We’ve got great news this morning! The Emancipation Proclamation Forever® stamp, which was issued on January 1, 2013, has been so popular that USPS has printed an additional 10 million stamps. That makes for a total of 55 million Emancipation Proclamation stamps. Wow!
For history lovers and stamp fans alike, the year 2013 should be a very special one. By a fortunate coincidence, there are three major civil rights anniversaries this year, each deserving of a stamp:
the 150th anniversary of President Abraham Lincoln’s issuance on January 1, 1863, of the Emancipation Proclamation;
the 100th anniversary of the birth of Rosa Parks on February 4, 1913;
the 50th anniversary of the famous March on Washington for Jobs and Freedom on August 28, 1963.
The words “Freedom,” “Courage,” and “Equality” appear in large type in the selvage of each respective pane of stamps honoring these civil rights milestones. Throughout 2013, we’re asking you, our readers, to engage in an online discussion of the meaning of these words—freedom, courage, equality—in your own life and in the life of the nation. What does each word mean to you?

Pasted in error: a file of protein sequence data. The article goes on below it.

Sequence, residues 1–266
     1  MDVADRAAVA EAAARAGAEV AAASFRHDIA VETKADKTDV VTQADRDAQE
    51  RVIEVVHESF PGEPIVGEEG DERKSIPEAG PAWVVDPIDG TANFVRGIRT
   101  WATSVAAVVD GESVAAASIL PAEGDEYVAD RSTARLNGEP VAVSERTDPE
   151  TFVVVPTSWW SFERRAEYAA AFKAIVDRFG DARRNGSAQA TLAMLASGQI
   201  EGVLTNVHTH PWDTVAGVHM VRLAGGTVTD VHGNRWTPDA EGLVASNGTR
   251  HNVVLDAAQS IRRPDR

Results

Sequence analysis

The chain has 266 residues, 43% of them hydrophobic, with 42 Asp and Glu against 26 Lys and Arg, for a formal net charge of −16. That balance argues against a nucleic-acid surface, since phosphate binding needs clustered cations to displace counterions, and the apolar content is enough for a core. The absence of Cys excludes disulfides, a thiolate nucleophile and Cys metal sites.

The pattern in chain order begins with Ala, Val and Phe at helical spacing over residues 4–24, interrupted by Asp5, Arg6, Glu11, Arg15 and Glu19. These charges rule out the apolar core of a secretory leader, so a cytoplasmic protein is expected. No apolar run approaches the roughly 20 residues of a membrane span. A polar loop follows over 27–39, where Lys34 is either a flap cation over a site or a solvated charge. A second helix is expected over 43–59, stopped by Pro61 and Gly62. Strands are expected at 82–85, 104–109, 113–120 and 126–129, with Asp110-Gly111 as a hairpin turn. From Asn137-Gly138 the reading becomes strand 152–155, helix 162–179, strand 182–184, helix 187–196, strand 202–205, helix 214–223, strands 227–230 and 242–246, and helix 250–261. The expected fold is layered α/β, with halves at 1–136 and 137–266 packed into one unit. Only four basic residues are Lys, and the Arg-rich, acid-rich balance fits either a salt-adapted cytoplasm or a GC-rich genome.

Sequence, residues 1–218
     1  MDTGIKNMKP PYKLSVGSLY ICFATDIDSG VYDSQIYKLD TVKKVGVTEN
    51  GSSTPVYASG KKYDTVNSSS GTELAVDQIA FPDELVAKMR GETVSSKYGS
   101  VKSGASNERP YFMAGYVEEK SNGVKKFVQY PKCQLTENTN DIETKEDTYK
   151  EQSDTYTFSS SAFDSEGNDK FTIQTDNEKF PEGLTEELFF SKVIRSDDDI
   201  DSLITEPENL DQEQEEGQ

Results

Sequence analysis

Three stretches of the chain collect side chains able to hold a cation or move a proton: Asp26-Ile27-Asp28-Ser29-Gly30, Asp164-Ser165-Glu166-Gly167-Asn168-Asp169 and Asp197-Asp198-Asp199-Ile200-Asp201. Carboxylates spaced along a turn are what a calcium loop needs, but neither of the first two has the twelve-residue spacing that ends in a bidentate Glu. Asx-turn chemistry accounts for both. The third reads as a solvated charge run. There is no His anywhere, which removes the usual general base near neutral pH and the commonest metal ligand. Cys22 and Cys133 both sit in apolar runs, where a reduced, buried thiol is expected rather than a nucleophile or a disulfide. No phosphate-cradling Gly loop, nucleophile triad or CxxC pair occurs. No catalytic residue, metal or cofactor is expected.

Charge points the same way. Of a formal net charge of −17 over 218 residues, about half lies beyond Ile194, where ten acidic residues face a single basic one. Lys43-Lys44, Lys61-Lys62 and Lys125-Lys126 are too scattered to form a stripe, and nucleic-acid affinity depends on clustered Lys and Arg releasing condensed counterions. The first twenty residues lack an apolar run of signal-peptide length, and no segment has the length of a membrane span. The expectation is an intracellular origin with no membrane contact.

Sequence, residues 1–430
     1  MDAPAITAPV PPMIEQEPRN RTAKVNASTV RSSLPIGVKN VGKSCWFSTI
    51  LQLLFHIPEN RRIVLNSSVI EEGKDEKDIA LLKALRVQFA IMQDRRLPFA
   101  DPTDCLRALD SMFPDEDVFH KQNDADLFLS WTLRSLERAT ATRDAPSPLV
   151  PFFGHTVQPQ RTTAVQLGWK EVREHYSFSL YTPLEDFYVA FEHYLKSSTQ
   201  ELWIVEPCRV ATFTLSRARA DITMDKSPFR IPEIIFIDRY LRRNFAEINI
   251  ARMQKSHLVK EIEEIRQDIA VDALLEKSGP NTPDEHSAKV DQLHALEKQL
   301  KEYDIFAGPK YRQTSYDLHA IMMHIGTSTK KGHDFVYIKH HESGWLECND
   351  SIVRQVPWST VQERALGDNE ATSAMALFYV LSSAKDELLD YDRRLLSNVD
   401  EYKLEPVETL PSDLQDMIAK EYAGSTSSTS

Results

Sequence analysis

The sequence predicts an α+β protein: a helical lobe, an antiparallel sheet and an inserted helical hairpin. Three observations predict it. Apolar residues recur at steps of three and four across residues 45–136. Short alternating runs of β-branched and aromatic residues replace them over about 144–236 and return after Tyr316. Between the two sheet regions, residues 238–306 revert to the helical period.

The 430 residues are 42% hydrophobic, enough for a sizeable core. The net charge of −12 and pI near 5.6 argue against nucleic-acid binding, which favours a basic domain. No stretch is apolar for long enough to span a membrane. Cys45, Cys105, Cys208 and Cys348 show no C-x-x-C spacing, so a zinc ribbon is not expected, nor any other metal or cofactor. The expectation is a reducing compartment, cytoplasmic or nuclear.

We’re just a few weeks into the new year, and already we’re overwhelmed by the enthusiasm for the 2013 stamp program. All across the country, communities small and large have embraced the stamps released so far, stoked excitement about upcoming releases, and reminded us that stamps reflect all facets of American life.
The Apples stamps drew dozens of enthusiasts to lovely Yakima, Washington—home to 60 percent of the state’s apple production—for the town’s first ever stamp unveiling. Woohoo!
And the New York Apple Association (NYAA), based in Fishers, New York, also joined the fun this week when it learned that the Apples stamps feature the local Northern Spy variety. “To celebrate,” said Molly Golden, director of marketing for NYAA, “we suggest consumers bake a pie with Spies and any other great New York apple variety.” Love the idea! Recipes anyone?
This unique collectible was created using antique wood type and ornamentation set by hand at Hatch Show Print in Nashville, Tennessee, one of the oldest working letterpress shops in the U.S. (It opened about 15 years after the end of the Civil War.) “We’re proud to be part of such a momentous occasion in such a modern context,” said shop manager Jim Sherraden.